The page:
Woman survives being buried by avalanche for almost 20 minutes

A North Shore Rescue crew moves the avalanche victim down Mount Seymour on a sled. The woman had been trapped under snow for nearly 20 minutes.  (North Shore Rescue - image credit)
A North Shore Rescue crew moves the avalanche victim down Mount Seymour on a sled. The woman had been trapped under snow for nearly 20 minutes. (North Shore Rescue - image credit)

Rescuers say a woman is lucky to be alive after she was caught in an avalanche in the North Shore mountains near Vancouver and completely buried upside down for nearly 20 minutes.

The avalanche happened Sunday afternoon on the south face of Pump Peak on Mount Seymour, less than 20 kilometres northeast of downtown Vancouver.

According to the North Shore Rescue (NSR) Facebook page, the woman was snowshoeing with a companion in the backcountry when the avalanche struck and buried them both.

Jim Loree with NSR says the couple, who are in their 30s, were able to get up the trail, but ran into trouble on the way back down.

"[When they] got onto the slope, [one of the snowshoers] basically said he heard a crack, like a gunshot almost, and then all the snow started leaving," Loree told CBC News.

NSR said the man was able to dig himself out and call 911 before locating his companion's snowshoe poking out of the avalanche debris.

North Shore Rescue
North Shore Rescue

They said he was able to uncover the woman, who was responsive, but hypothermic and discoloured from a lack of oxygen.

Rescue field teams were able to reach the scene to provide emergency care. While the man was able to hike down himself, the woman had minor injuries and required support to get down the mountain.

Loree says warmth and fluids helped the woman recover by the time crews reached the Mount Seymour Lodge parking lot. He says the woman opted to leave with her husband, rather than go with first responders to the hospital.

The couple declined an interview request with CBC News.

WATCH | Avalanche safety tips for people venturing into B.C.'s backcountry:

The search and rescue organization says the area where the avalanche took place had been rated as high-danger terrain by Avalanche Canada, with travel not recommended and human-triggered avalanches very likely.

Rescuers say the pair were not carrying rescue gear, such as beacons, probes and shovels, and did not have avalanche training.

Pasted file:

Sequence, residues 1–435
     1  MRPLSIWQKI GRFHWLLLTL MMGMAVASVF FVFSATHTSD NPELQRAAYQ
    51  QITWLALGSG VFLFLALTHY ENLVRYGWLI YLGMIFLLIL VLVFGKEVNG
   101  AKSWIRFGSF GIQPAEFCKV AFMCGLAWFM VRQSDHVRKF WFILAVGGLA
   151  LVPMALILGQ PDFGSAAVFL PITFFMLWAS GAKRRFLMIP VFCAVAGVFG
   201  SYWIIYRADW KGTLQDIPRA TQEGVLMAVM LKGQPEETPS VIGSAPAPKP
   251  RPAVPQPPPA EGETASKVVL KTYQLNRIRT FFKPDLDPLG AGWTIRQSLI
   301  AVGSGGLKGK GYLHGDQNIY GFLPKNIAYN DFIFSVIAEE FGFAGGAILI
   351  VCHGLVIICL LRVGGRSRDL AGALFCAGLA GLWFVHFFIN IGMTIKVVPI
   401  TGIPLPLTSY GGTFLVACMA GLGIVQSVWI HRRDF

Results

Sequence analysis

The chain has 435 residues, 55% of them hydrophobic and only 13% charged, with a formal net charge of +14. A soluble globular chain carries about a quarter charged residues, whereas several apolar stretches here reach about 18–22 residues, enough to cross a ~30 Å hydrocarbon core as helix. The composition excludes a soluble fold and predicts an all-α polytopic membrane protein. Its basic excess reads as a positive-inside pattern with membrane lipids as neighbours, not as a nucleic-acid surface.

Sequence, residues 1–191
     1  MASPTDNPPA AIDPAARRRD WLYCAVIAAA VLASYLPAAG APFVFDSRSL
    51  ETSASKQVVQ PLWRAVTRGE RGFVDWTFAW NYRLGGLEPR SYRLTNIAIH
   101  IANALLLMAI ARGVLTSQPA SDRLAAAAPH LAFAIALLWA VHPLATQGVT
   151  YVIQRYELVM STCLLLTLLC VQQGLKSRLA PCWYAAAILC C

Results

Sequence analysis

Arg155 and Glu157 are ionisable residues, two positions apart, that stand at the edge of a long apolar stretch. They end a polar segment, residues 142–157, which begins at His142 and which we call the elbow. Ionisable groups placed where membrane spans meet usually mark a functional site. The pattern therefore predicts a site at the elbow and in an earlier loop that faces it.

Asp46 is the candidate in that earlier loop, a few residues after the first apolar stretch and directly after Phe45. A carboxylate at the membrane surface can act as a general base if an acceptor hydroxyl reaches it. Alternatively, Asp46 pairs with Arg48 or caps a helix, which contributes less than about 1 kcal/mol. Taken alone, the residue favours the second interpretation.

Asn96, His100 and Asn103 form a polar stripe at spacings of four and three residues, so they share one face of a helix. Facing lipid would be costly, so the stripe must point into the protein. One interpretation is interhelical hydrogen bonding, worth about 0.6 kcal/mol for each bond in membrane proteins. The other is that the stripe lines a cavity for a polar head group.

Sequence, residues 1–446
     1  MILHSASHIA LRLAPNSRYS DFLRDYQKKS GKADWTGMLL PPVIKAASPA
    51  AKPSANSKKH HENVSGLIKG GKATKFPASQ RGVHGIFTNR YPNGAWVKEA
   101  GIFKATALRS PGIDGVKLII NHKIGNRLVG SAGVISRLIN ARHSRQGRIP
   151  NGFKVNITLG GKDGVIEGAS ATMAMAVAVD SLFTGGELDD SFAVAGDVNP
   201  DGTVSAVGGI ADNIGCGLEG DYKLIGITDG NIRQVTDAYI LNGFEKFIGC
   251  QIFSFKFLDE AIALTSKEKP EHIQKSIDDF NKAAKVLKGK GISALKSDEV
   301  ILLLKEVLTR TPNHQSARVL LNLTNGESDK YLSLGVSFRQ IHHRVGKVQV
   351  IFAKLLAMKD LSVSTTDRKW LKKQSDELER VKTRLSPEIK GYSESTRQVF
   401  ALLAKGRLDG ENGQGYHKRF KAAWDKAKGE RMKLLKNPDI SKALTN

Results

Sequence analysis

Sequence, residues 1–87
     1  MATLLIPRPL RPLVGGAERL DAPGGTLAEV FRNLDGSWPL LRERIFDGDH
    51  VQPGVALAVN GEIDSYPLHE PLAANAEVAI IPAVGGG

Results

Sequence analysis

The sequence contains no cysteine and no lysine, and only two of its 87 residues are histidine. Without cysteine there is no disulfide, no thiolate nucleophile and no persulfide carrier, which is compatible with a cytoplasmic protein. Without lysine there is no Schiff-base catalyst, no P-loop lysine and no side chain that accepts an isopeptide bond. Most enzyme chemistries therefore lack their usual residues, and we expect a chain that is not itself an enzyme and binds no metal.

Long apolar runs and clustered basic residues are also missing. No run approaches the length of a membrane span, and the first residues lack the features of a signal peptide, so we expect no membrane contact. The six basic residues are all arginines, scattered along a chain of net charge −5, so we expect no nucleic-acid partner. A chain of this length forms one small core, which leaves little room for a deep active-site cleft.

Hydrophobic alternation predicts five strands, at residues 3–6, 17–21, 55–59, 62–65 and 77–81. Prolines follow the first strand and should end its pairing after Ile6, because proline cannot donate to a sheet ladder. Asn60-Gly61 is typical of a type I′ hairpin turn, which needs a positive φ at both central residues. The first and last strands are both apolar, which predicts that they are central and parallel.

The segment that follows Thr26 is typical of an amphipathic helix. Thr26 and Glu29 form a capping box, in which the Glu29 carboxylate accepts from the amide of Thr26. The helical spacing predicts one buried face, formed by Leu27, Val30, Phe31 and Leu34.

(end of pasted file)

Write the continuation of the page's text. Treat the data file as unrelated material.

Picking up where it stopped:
"We cannot state strongly enough how lucky they were that the first individual was able to spot the second and dig her out," NSR said on Facebook. "Had this not happened, we would be looking at a very different result."

"In conditions like we had this weekend, it is best to give anything with a slope a rest and let the snowpack settle."

Simon Horton, an Avalanche Canada forecaster, said dangerous avalanche conditions exist across the province due to large amounts of recent snowfall.

In recent days the South Coast mountains have been consistently at Level 4 on its five-level danger scale, he said.

"Most areas had over a metre of snow on the weekend, causing dangerous conditions, and we're expecting another big snowfall on Monday night," Horton said.

He said the snowshoers likely triggered the avalanche on Sunday, given the risky conditions.

"Avalanche conditions change day to day, hour by hour … so the key to travelling safely in the backcountry is having basic avalanche training and then monitoring the conditions."

Horton says newer snow loads typically strengthen by bonding with older snowpacks within a few days, but that "it's a little more complicated this time of year."

He says warm weather coming up over the weekend will take the snowpack longer to bond, meaning potentially longer periods of avalanche risk in the weeks ahead.

North Shore Rescue
North Shore Rescue

Elsewhere, a 19-year-old man from Kelowna, B.C., died after being buried in an avalanche near Canmore, Alta.

Canmore RCMP said in a statement that two men were skiing in the backcountry east of Mount Engadine Lodge when the avalanche struck Sunday afternoon.

One man was able to dig himself out, but the second remained buried. RCMP said the missing man's body was recovered Monday morning with assistance from Kananaskis Mountain Rescue.